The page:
Thank you for bringing these facts to our attention Dan Cohen

    And thanks for the link to the Richard Silverstein article JLD!

  3. just
    just
    March 20, 2015, 3:05 pm

    “Those towers are for catching illegals,” one man shouted. “Get ‘em the hell out of here!””
    ———-
    “I told one of the hunters that I am from Phoenix but I currently work in Israel.

    “What do you guys hunt over there” he asked.

    Another man blurted out, “They could hunt Muslims!””

    This is the monstrous result of colonialism~ here and in Israel. As far as I can tell, Sasabe is an Tohono O’odham word. The irony is truly stunning.

    “O’odham (pronounced [ˈʔɔʔɔðɦam]) or Papago-Pima is a Uto-Aztecan language of southern Arizona and northern Sonora, Mexico, where the Tohono O’odham (formerly called the Papago) and Pima reside. In 2000 there were estimated to be approximately 9,750 speakers in the United States and Mexico combined, although there may be more due to underreporting.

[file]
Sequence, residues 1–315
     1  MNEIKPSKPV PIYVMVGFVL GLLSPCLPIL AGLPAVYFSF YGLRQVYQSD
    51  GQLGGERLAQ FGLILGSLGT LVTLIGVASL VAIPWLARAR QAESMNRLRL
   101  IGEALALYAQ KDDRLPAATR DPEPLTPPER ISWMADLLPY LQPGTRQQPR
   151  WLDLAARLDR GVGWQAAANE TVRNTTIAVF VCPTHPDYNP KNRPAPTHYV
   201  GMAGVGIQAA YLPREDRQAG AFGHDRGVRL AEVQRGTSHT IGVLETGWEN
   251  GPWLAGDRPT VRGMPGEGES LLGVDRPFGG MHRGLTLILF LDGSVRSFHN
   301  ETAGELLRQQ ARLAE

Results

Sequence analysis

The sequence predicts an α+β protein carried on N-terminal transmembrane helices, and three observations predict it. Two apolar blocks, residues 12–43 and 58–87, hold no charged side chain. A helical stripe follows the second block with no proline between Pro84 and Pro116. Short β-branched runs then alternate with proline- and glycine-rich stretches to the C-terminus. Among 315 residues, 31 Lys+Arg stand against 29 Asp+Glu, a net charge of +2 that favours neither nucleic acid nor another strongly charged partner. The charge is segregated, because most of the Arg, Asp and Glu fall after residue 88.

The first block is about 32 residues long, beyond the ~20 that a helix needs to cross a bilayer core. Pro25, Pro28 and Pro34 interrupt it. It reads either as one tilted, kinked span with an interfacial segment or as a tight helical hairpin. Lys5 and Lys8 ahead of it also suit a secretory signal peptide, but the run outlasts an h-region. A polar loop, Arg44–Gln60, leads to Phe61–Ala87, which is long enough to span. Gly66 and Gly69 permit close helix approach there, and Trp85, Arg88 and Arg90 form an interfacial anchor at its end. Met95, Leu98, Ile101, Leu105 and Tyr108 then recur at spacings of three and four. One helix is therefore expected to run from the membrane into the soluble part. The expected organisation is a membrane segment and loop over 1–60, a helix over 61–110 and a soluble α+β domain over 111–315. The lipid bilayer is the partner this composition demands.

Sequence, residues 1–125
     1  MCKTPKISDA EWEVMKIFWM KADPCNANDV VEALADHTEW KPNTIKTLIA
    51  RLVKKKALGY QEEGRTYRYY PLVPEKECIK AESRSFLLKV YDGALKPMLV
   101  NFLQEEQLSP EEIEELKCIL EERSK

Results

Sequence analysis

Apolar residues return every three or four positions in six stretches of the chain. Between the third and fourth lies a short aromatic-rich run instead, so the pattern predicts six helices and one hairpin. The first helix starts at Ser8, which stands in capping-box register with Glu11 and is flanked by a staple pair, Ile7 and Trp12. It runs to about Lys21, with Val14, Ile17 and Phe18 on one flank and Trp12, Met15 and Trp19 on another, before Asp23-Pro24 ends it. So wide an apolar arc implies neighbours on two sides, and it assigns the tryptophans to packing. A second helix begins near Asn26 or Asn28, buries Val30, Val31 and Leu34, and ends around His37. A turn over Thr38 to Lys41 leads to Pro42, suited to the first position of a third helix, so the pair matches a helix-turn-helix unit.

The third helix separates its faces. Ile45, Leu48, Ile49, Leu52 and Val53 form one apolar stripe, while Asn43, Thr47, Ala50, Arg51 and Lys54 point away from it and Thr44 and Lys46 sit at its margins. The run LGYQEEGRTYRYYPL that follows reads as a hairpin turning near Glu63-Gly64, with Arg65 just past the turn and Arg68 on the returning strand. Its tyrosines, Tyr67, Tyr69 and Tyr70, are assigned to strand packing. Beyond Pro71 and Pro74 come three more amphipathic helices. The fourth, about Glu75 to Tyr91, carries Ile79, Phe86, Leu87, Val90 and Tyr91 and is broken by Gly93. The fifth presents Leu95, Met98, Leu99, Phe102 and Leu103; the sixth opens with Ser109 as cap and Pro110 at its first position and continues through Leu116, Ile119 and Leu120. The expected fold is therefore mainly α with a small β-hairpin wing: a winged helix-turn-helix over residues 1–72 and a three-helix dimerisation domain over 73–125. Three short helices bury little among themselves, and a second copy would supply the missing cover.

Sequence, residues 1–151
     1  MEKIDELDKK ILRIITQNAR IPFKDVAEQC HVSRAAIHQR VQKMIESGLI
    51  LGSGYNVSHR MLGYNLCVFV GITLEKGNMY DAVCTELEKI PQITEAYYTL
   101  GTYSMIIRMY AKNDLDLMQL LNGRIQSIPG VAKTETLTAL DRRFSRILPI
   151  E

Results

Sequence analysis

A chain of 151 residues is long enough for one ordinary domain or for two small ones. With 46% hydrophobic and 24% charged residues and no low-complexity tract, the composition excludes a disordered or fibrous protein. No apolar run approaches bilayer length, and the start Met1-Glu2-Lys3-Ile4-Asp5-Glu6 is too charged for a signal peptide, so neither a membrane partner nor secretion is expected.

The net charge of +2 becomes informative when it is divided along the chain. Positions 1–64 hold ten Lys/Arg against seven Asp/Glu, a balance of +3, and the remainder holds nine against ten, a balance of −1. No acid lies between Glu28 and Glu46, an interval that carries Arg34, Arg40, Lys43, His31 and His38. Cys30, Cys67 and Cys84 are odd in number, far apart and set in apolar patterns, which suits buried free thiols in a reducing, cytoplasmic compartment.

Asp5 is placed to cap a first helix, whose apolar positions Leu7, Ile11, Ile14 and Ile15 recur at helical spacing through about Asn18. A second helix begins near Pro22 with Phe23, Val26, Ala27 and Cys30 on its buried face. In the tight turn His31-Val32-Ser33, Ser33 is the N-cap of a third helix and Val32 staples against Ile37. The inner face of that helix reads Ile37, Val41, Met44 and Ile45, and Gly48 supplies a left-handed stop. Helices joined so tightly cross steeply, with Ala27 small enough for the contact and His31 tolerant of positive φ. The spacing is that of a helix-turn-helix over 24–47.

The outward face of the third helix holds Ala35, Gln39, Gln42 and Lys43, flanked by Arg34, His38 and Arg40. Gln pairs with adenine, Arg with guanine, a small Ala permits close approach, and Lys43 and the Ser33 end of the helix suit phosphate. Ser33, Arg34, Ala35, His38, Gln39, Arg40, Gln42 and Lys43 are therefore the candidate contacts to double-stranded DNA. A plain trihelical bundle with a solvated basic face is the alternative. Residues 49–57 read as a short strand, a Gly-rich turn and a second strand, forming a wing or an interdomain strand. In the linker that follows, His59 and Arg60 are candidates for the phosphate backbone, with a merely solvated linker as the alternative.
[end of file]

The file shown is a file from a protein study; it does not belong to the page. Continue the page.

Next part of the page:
It is the 10th most-spoken indigenous language in the United States, the 3rd most-spoken indigenous language in Arizona after Apache and Navajo. It is the 3rd most-spoken language in Pinal County and the 4th most-spoken language in Pima County.”
    (wiki)

    I think that you are the most tireless humanitarian that I know of today, Dan Cohen. You see things that others refuse to see, and then you write about them. This piece is in need of mass distribution.

  4. Hostage
    Hostage
    March 21, 2015, 3:19 pm